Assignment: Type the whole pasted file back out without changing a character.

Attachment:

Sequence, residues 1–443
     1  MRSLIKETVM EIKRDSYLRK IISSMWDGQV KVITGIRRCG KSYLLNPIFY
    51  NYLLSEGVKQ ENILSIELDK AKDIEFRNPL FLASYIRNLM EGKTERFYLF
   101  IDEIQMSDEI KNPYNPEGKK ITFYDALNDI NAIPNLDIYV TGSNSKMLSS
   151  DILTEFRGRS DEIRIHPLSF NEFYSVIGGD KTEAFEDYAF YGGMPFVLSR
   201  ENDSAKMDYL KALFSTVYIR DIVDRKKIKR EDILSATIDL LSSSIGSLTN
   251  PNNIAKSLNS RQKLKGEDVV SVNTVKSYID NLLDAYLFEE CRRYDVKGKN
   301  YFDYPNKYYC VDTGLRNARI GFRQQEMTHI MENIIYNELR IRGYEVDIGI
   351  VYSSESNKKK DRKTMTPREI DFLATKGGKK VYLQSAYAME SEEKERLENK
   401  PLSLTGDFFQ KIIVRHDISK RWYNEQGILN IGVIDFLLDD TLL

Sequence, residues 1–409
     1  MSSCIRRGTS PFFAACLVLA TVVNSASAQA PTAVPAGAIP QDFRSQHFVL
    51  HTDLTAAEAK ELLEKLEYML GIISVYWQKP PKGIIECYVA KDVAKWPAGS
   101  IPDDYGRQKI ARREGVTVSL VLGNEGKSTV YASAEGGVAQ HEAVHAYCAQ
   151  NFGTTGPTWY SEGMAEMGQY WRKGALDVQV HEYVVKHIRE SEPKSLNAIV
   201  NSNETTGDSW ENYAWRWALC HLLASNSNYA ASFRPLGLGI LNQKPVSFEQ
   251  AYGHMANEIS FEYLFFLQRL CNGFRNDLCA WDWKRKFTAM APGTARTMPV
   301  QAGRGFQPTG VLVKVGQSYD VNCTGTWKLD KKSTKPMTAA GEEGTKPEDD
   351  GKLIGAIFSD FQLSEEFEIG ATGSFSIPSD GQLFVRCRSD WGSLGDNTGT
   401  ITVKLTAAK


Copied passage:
Sequence, residues 1–443
     1  MRSLIKETVM EIKRDSYLRK IISSMWDGQV KVITGIRRCG KSYLLNPIFY
    51  NYLLSEGVKQ ENILSIELDK AKDIEFRNPL FLASYIRNLM EGKTERFYLF
   101  IDEIQMSDEI KNPYNPEGKK ITFYDALNDI NAIPNLDIYV TGSNSKMLSS
   151  DILTEFRGRS DEIRIHPLSF NEFYSVIGGD KTEAFEDYAF YGGMPFVLSR
   201  ENDSAKMDYL KALFSTVYIR DIVDRKKIKR EDILSATIDL LSSSIGSLTN
   251  PNNIAKSLNS RQKLKGEDVV SVNTVKSYID NLLDAYLFEE CRRYDVKGKN
   301  YFDYPNKYYC VDTGLRNARI GFRQQEMTHI MENIIYNELR IRGYEVDIGI
   351  VYSSESNKKK DRKTMTPREI DFLATKGGKK VYLQSAYAME SEEKERLENK
   401  PLSLTGDFFQ KIIVRHDISK RWYNEQGILN IGVIDFLLDD TLL

Sequence, residues 1–409
     1  MSSCIRRGTS PFFAACLVLA TVVNSASAQA PTAVPAGAIP QDFRSQHFVL
    51  HTDLTAAEAK ELLEKLEYML GIISVYWQKP PKGIIECYVA KDVAKWPAGS
   101  IPDDYGRQKI ARREGVTVSL VLGNEGKSTV YASAEGGVAQ HEAVHAYCAQ
   151  NFGTTGPTWY SEGMAEMGQY WRKGALDVQV HEYVVKHIRE SEPKSLNAIV
   201  NSNETTGDSW ENYAWRWALC HLLASNSNYA ASFRPLGLGI LNQKPVSFEQ
   251  AYGHMANEIS FEYLFFLQRL CNGFRNDLCA WDWKRKFTAM APGTARTMPV
   301  QAGRGFQPTG VLVKVGQSYD VNCTGTWKLD KKSTKPMTAA GEEGTKPEDD
   351  GKLIGAIFSD FQLSEEFEIG ATGSFSIPSD GQLFVRCRSD WGSLGDNTGT
   401  ITVKLTAAK